Indonesian forest fires force dozens of endangered orangutans to flee

Tuesday, 7 November, 2006
Mantangai, Indonesia
Wildfires that have been raging across Indonesia since mid-September have choked the country in a thick haze and driven dozens of endangered orangutans from their jungle habitat.
An animal rescue team from IFAW (International Fund for Animal Welfare – and the Borneo Orangutan Sanctuary Foundation (BOSF) has already treated more than forty orangutans for respiratory problems and burns.

Annual fires are intentionally set in Indonesia to clear forest land for agriculture before the rainy season begins in November. This year’s fires are the worst in a decade due to drier than normal conditions. Peat swamps, which form much of the ground cover in the forest habitats, have been smoldering for weeks and sending a thick pall of smoke all across the region. The smoke has choked the country and drifted over into the neighboring countries of Singapore, Malaysia and Brunei. Indonesian airports have been closed and in Kalimantan drivers have been forced to use their headlights in the daytime due to the low visibility.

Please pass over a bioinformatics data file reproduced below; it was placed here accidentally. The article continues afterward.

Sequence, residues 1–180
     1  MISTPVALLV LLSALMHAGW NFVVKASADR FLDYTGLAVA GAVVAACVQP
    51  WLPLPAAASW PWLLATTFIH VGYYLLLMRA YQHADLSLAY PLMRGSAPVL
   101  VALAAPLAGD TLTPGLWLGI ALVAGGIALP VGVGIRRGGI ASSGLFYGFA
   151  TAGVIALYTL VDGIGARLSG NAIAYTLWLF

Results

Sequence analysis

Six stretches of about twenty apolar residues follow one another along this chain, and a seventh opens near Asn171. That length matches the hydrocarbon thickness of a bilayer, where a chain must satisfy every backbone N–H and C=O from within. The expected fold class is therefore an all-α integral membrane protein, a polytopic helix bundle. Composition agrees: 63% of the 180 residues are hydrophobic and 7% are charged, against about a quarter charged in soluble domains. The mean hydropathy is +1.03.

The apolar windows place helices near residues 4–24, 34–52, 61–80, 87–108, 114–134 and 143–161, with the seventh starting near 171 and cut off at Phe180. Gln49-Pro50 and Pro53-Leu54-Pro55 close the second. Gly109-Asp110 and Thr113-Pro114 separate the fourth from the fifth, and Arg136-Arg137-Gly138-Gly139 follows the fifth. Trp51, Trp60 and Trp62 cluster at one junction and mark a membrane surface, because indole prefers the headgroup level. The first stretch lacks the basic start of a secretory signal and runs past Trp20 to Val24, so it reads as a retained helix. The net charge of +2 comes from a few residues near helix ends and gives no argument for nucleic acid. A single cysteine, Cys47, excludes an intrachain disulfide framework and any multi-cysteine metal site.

The raging fire and thick smoke has destroyed orangutan habitat and forced the animals out of the jungle. Orangutans flee the burning jungle in search of food and safety, often into nearby palm oil plantations, where they are beaten by humans. IFAW is in Indonesia to rescue the displaced orangutans, give them medical treatment, and relocate them to safer habitats.

Less than 60,000 orangutans remain in the wild in Indonesia and IFAW estimates that they could face extinction from the wild in ten years due to habitat destruction.

Indonesia has the highest number of threatened species of mammals in the world, around 146, according to the World Conservation Union. Among these is the Asian elephant, with an estimated 50,000 remaining in the wild (plus another 10,000 in captivity). Their habitat is already in danger with widespread human encroachment, and the looming wildfires push the space constraints even further.

Post a comment